Friday, October 12, 2018

MSF urges Nauru evacuation

Medical charity Médecins Sans Frontières has called on the federal government to immediately evacuate all refugees and asylum seekers from Nauru for mental health reasons. At a press conference in Sydney on Thursday, MSF Australia director Paul McPhun said “there is nothing humanitarian about saving people from sea only to leave them in an open-air prison”. MSF was ordered to leave the country on Friday following a Nauruan government order, with the charity confirming on Wednesday that “all its international staff have now left the island”. MSF doctors said there had been 78 suicide attempts or incidents of self-harm in the past 11 months, including an attempted suicide by a nine-year-old. Two days before marking World Mental Health Day on Wednesday, health minister Greg Hunt said the government would not intervene to restore mental health services on Nauru.

Australian Federal Police officers have raided the department of home affairs offices in Canberra as part of a probe into leaks against home affairs minister Peter Dutton. Departmental emails detailing Dutton’s involvement in the case of several au pairs granted visas on short notice were leaked to the Labor Party last month, leading to Dutton narrowly surviving a no-confidence vote in the House of Representatives. Nine Network political editor Chris Uhlmann reported that the AFP “have agreed to hand over all documents they seized in raid on Home Affairs to the Clerk of the Senate, after a request from Labor”. Former Australian Border Force commissioner Roman Quaedvlieg claimed he had “referred multiple leaks to the AFP” and has received “no current advice on their acceptance, status or progress”.

Prime minister Scott Morrison has pledged to introduce lower tax rates for small and medium-sized businesses five years earlier than planned. The $3.2 billion cuts would lower the tax rate for businesses with a turnover of less than $50 million from 27.5 per cent to 25 per cent by the 2021-22 financial year, rather than from 2026-27 as currently legislated. Opposition leader Bill Shorten did not commit to a position on the proposal, saying Labor “are not ruling it out and we are not ruling it in”. Former Coalition treasurer Peter Costello criticised the length of time given for the planned cuts, saying “we can't deliver in this term so we will make you promises on what we will do three terms from now … It’s a parallel universe and if anybody believes it you are silly.”

And Telstra chair John Mullen has defended executive pay and bonuses after shareholder dissent ahead of next week’s annual general meeting. In a letter lodged with the Australian Stock Exchange on Thursday, Mullen said Telstra must “have competitive remuneration practices in place to attract and retain the talent required to deliver on our ambitious and market-leading strategy”. In June chief executive Andy Penn – who will earn $4.5 million this year – unveiled a plan to cut 8000 jobs as part of $2.5 billion in savings.



“I want to be a regular 17-year-old. I like clothes, I like makeup. I get up in the morning, check my Instagram, have breakfast, and walk in the hills around the village. Sometimes I go to Ramallah with friends to go bowling, eat ice cream, and go to restaurants. But I am not a normal teenager.”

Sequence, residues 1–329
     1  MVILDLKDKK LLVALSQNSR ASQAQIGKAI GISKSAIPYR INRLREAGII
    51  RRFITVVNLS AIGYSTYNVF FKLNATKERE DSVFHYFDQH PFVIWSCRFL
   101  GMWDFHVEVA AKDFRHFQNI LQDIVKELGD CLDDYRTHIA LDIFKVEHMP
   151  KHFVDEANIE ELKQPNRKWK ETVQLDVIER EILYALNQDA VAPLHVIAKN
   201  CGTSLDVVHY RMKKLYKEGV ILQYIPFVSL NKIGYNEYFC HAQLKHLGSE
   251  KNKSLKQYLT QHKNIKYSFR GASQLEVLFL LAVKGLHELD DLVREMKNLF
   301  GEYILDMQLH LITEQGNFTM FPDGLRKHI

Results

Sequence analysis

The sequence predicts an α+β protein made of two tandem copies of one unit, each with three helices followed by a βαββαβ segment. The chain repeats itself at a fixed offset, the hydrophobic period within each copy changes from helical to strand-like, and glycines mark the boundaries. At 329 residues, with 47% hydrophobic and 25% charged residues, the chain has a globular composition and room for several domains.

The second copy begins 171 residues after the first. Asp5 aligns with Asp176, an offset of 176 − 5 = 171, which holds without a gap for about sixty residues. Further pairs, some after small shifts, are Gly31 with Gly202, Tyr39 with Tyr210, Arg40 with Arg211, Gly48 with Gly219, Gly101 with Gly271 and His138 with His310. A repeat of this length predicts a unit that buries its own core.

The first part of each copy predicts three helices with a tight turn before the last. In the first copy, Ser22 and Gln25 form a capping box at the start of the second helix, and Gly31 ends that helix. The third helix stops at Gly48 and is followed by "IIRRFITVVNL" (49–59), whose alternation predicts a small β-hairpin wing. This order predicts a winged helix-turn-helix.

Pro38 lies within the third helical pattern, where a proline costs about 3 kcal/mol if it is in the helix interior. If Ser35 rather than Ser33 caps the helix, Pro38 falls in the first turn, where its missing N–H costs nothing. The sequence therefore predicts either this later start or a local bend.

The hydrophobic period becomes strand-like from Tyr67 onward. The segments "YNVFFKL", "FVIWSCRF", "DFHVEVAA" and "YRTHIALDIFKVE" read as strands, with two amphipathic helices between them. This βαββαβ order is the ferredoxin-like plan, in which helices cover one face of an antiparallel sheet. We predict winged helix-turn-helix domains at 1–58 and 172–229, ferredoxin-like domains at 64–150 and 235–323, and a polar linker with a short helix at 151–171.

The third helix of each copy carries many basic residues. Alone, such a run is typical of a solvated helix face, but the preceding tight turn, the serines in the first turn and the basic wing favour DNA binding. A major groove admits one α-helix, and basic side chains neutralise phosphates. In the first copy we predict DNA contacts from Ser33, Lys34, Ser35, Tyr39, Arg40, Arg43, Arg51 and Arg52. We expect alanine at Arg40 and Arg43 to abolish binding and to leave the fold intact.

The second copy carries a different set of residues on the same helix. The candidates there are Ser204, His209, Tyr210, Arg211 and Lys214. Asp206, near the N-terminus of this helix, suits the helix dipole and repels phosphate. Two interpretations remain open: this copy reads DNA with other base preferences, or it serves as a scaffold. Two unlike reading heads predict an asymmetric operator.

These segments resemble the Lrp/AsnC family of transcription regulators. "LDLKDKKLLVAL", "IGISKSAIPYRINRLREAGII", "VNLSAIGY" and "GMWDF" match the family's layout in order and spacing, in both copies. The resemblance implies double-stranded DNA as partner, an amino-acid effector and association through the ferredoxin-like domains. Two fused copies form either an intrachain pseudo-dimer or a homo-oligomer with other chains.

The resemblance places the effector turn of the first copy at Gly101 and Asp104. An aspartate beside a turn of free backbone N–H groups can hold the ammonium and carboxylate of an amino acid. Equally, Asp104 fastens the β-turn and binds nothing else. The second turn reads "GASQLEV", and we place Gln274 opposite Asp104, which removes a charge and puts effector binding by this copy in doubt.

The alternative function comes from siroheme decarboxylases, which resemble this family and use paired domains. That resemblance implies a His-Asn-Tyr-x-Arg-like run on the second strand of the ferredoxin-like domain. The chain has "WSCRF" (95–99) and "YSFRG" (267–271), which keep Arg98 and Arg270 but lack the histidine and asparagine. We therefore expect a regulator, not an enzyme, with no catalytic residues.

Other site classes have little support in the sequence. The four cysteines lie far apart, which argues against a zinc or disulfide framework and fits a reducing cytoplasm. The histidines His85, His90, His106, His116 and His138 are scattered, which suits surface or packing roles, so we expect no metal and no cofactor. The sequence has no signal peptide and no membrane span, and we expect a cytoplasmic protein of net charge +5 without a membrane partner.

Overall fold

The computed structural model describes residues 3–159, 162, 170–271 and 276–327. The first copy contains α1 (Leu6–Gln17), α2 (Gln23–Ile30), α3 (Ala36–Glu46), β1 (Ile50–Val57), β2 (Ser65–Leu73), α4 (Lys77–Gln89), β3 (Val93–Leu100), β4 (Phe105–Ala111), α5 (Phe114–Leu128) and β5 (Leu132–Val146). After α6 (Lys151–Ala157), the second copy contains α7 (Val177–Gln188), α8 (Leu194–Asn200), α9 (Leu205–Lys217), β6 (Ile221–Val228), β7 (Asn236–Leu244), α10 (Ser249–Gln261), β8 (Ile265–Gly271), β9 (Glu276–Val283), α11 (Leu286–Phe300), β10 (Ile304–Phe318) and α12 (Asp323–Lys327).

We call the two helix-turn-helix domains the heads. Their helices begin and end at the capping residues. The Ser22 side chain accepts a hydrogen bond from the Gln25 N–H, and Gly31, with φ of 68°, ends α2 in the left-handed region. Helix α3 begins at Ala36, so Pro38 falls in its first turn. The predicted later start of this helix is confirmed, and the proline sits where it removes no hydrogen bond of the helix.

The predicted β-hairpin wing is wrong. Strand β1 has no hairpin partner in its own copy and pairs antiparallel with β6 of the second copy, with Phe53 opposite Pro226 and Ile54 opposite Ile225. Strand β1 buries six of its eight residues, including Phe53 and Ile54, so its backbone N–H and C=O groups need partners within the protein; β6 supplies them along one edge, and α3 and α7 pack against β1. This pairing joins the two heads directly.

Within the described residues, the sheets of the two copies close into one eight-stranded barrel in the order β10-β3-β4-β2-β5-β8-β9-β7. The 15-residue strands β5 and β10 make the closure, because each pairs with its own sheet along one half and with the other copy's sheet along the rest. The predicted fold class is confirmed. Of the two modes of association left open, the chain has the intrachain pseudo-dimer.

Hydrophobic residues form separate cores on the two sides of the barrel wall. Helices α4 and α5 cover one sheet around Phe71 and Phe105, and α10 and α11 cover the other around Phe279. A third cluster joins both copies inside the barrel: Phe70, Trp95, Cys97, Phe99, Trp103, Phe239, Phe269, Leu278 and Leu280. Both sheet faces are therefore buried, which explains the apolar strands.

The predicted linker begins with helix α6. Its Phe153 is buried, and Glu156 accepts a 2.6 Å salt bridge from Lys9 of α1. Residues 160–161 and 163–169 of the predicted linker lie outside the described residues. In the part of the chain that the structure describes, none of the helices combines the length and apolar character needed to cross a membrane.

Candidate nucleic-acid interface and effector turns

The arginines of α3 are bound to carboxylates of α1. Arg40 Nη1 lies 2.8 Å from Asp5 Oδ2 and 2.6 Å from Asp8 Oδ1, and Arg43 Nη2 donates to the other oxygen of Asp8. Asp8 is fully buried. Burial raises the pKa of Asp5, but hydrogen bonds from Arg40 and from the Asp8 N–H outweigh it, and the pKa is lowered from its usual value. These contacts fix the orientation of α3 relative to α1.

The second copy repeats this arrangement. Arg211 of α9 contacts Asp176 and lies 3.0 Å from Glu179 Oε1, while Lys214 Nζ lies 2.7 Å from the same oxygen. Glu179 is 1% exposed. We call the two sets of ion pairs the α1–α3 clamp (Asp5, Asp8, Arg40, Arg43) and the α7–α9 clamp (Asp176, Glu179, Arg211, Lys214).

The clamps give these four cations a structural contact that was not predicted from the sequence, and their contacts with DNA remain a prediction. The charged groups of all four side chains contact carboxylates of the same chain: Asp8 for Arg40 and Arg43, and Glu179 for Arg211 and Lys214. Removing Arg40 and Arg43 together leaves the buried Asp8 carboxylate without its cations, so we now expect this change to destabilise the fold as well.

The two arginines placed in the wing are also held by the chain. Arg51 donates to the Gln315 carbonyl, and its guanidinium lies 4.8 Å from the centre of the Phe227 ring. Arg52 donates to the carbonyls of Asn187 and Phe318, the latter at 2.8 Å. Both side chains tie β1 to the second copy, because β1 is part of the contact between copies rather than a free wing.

“I have been trying to let go of saying sorry. I apologise to my parents, to my partner, to friends, to colleagues, and even to strangers. Most of the time, it’s for things I cannot control, let alone be responsible for. From my manic searching on the internet, the habit of constantly saying sorry is not a trait of any diagnosable condition, nor a sign of any obvious sociopathic tendencies. But it is, from my personal experience, a problem.”


“Over the first 12,000 or so years after Yosemite National Park’s El Capitan wall was scoured out by glaciers, no human had ever climbed up it without a rope. Then, last year, Alex Honnold scaled the 3,000-foot monolith without assistance of any kind. It is an utterly elemental human achievement.”


“Key crossbench senators have warned the government not to expand religious schools’ right to fire gay teachers and expel gay students ... LGBTI advocates have called on the government to rule out extending the federal law to the states, because students in Queensland and Tasmania and teachers in Tasmania are protected from discrimination on the basis of sexuality.”


“Leading ‘No’ campaigner and religious conservative Lyle Shelton says schools should not have the right to expel students simply for being gay – but should be able to do so if a student acts on that impulse by having sex ... Mr Shelton said he did not think it was necessary to preserve the right of religious schools to expel a student simply for their sexual orientation – if they revealed their sexuality or were outed by their peers, for example. Rather, it was about ‘behaviour’.”


“The Opera House is expected to greatly improve tourism to the state, padding out Melbourne’s otherwise lacklustre list of sights, which previously included one graffiti-covered wall, a low poly copy of the Eiffel Tower with graphics acceleration turned off, and Melbourne’s world famous answer to the Big Banana: the three-foot-high inflatable ego.”

Alex McKinnon is Schwartz Media's morning editor.